Tennis’ Forgotten Surface: Carpet

Roger Federer’s last professional tennis match proved to be a momentous occasion. The 20-time Grand Slam champion announced that he would only play one match in this year’s Laver Cup, which would be a doubles match with his great rival and friend Rafael Nadal. It proved to be a fitting ending to his stellar career, in a high-quality affair which encapsulated those inside the O2 arena into the early hours of Saturday morning. Emotions ran high, there wasn’t a dry eye in the house during Federer’s post-match interview. Even Rafael Nadal could not stop the tears flowing, as he bore witness to Federer’s farewell.

“When Roger leaves the tour, an important part of my life is leaving too because of all the moments that he has been next or in front me in important moments of my life,” said Nadal. And he was right. Nadal’s first Grand Slam main draw appearance came at Wimbledon 2003, a tournament which Federer won. From then on, Federer was there every step of the way, until last Friday. In an act of great selflessness, Nadal came to London only to play with Federer one last time, playing through 2 long-terms injuries and some extremely difficult personal circumstances just to be there for his friend. If you ever wanted any insight into what sort of person Rafael Nadal is, you have it right there.

Federer’s career spanned over 4 separate decades, starting in the 1990s and ending in 2022. He has witnessed great changes in the game of tennis over that time, including drastic variations in court speeds, advancements in racket technology, generations of different opponents, and huge changes to the tennis calendar. Federer’s first ATP Title came back in 2001 in Milan. This took place a different era of the game, showcased by the surface which the tournament was played on: indoor carpet.

Carpet used to be a key surface in professional tennis and is still used regularly to this day at club level in the United Kingdom, especially at bigger tennis centres which use many different surfaces. It is even still used on the ATP Challenger Tour, but was discontinued on the ATP Tour at the end of 2008, as tournaments slowly moved away from using the surface. The death sentence of the surface was signed in 2006, when the Paris Masters decided to change the surface of their tournament from carpet to the more modern acrylic hard courts, citing the increased risk of injuries such as abrasions and burns associated with the carpet courts.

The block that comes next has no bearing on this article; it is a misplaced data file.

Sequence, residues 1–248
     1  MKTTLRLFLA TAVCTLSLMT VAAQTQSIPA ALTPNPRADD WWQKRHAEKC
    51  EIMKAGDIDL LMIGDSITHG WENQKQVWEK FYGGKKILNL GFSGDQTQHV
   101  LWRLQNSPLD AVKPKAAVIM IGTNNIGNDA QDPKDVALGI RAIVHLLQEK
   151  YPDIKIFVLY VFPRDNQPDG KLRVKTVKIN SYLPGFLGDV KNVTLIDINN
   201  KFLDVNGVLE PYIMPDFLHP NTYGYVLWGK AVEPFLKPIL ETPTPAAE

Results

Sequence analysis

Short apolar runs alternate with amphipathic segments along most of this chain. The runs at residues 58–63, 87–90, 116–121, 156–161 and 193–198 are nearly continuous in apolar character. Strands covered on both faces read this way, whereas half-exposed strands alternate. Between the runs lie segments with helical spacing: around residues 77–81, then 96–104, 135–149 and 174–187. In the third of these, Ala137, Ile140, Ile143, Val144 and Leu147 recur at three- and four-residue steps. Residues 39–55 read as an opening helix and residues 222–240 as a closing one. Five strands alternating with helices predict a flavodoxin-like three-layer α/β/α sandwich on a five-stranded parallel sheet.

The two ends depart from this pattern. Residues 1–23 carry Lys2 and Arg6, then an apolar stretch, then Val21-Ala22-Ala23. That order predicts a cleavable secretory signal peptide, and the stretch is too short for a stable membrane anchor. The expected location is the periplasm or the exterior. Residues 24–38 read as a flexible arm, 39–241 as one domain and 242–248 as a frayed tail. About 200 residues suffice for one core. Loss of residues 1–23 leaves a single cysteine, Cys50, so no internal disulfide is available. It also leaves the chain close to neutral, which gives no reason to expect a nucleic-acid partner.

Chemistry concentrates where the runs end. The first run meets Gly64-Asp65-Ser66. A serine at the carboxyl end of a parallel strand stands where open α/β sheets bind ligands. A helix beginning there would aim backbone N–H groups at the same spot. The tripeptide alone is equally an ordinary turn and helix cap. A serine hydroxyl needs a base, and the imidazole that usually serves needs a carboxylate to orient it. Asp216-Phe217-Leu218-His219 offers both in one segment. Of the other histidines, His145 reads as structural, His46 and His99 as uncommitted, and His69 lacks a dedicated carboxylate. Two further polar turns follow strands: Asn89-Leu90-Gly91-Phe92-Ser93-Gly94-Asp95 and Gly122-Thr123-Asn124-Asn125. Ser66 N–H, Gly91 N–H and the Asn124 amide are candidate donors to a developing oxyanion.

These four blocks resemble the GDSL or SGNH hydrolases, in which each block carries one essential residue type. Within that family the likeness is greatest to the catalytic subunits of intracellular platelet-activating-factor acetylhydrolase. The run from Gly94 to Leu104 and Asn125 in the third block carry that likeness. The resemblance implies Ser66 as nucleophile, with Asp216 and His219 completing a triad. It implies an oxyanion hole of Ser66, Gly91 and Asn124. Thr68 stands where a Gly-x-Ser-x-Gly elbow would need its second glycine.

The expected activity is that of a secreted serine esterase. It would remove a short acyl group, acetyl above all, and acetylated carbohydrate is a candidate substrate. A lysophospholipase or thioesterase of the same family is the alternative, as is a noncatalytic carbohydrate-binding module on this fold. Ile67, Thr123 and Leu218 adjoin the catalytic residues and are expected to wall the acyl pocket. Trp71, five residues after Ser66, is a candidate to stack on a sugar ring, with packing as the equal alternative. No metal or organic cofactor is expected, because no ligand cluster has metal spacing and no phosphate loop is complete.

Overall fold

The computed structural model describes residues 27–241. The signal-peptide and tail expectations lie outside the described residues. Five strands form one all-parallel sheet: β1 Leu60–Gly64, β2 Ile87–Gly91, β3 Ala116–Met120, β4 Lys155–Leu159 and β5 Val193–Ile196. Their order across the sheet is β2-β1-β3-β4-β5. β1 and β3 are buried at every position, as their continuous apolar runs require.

The decision to discontinue the use of carpet courts in professional tennis was also partially motivated by the ATP’s desire to decrease court speed in general, in order to increase the likelihood of longer rallies and longer matches. The theory behind this was that faster surfaces like carpet gave a massive advantage to big servers, as the fast and low bounce made it very difficult to land effective returns and often resulted in much shorter matches, even more so than on grass. Tennis bosses believed that these shorter exchanges reduced fan satisfaction and were, on the whole, bad for the game. This shift towards a slower speed of court has been reflected on the remaining surfaces too, as courts across all surfaces play far less quickly than they did even a decade ago.

The disappearance of such a key surface, despite the logical reasoning behind it, is still a shame. Federer’s retirement made me wonder: are there any other active players with titles on carpet? If so, is there anyone with more than Federer (who has two)?

The data is surprisingly difficult to find. Records related to carpet tennis tournaments are not always easily accessible on the internet and finding the right information requires hours of digging, a perfect activity for a Sunday afternoon. Having done this digging, I uncovered some fascinating pieces of tennis history, all of which links back to Federer and his great career.

There are currently 2 active players who have won an ATP title on carpet: Richard Gasquet and Andy Murray. Both men have only won one, Gasquet in Lyon in 2006 and Murray in St. Petersburg in 2007. Murray and Gasquet, like Federer, both represent a generation of tennis players now past their prime, so it is highly likely that in five years’ time, there will be no active players left with titles on carpet, as the days of it’s use become an even more distant memory.

At this point, I’m sure you’re wondering what the link of all this to Federer’s career is. For starters, Murray and Federer have a long history of important matches, including 3 Grand Slam finals and even an Olympic Gold medal match. But there’s more. The last man to ever win a title on carpet was Robin Söderling, in the 2008 edition of the Lyon Open, a tournament which is now played on clay. Söderling had a fascinating career and is one of only 2 men to have ever beaten Rafael Nadal at the French Open, alongside Novak Djokovic. That came in 2009, the year in which Federer won the French Open to finally complete his career Grand Slam. Who did Federer beat in the final? Robin Söderling.

So as we say goodbye to Federer, we’re saying goodbye to one of the last remnants and reminders of tennis’ times gone by. Federer witnessed to the end of one era and the beginning of another in tennis, but despite all of this change, including the disappearance of a surface which once formed a fundamental part of professional tennis, one thing remained constant, and that was Roger Federer.